Marion Nestle has been in the game a long time.
She’s been shaking up traditional food industry interests for decades, whether as an educator, author, media personality, food industry activist or, more recently, a prolific blogger.
More to the point, her influence has remained intact, even as a new generation of consumers comes of age.
Possibly the biggest proof of her influence is her ongoing role as a go-to source on food issues by the general media. Reporters and editors reach out to Nestle for no-holds-barred feedback that often counters traditional industry interests, recently on topics ranging from menu labeling to GMOs.
Here, for example, is a comment she made to The New York Times in July after the FDA extended the deadline for calorie counts on menus. The Times article focused on the impact on restaurants.
“This is a huge victory for the restaurant lobbyists,” she said. “Food companies must be hoping that if they can delay menu labeling long enough, it will just go away.”
It’s no coincidence that Nestle rose to the top of contact lists for the media.
“They call me in part because I return their phone calls, which not everyone does,” she said in an SN interview. “I learn from their questions, and I’m willing to drop everything to do the research.”
Over the past couple of years Nestle has been focused on issues such as school food, marketing to children, and food advocacy in general, she said.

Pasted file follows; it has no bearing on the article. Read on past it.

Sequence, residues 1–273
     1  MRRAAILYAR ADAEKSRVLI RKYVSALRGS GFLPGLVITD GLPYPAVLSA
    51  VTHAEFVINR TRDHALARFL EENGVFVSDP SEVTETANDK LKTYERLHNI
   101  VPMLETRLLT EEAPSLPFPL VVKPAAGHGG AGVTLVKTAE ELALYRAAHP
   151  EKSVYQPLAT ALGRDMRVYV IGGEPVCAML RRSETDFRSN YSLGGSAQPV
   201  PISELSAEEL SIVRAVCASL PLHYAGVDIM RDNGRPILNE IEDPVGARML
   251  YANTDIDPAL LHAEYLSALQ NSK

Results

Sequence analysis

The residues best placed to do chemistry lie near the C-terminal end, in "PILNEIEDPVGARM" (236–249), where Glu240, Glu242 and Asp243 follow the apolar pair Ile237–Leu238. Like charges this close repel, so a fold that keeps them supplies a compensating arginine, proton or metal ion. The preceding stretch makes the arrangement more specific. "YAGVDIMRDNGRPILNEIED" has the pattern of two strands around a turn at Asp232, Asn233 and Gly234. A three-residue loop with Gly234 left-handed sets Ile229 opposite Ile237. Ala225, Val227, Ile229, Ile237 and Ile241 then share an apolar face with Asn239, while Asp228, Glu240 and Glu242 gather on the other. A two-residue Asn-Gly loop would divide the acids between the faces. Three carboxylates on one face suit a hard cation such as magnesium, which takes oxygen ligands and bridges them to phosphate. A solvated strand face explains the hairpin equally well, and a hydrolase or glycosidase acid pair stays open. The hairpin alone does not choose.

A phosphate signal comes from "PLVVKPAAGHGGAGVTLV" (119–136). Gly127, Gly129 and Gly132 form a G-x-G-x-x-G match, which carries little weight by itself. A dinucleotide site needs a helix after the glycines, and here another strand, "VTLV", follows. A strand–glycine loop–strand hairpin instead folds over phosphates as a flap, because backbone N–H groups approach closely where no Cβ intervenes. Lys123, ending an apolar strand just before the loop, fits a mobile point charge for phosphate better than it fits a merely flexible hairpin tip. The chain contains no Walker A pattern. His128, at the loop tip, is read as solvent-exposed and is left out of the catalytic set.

“I always try to see the connection between science and politics, the science underlies everything I do.”
Her latest book was published in October: “Soda Politics: Taking on Big Soda (and Winning).”
The New York University professor sports an array of titles, degrees and honors that makes for a disarming bio. She is the Paulette Goddard Professor in the Department of Nutrition, Food Studies and Public Health at NYU. She is also professor of sociology at NYU and visiting professor of Nutritional Sciences at Cornell. She even earned a Ph.D. in molecular biology and an M.P.H. in public health nutrition from the University of California, Berkeley.
Phil Lempert, the Supermarket Guru, and a contributing editor to SN, said Nestle’s authenticity has defined her reputation.
“The ‘food disruptor’ title was created for Marion,” he said. “Having known and respected her for over 25 years, I can tell you that no one has been as honest and heartfelt on the mission to change the way America eats. What sets her apart from many of the others is that not only is her work based on science, she is not an extremist.”
That opinion may not be shared by all segments of the food industry, especially those targeted by Marion’s critiques over the years.
She plans her next project to be a book about “conflict of interest in food and nutrition research and practice.” That will include a look at how food companies and trade associations are “influencing research outcome, policy, community organizations, and anyone who has a stake in public health.”
These kinds of developments, in her opinion, have reduced trust in government.
In recent years Marion has been a prolific blogger on the Food Politics site, and today she reaches an audience that includes the emerging Millennial generation.
Marion sees the food industry making changes that would have seemed impossible decades ago.
“Look at what companies are doing,” she said. “They are taking out additives and colors, and sourcing ingredients from healthier producers. They are asking for antibiotic-free meat. All of these traditional mass market food companies are having to rethink everything, and they’re doing it quite explicitly.”
As a longtime advocate for these kinds of changes, she leaves no doubt about what she sees as the catalyst.
“I think it’s a sign the food movement is having an impact,” she concluded.
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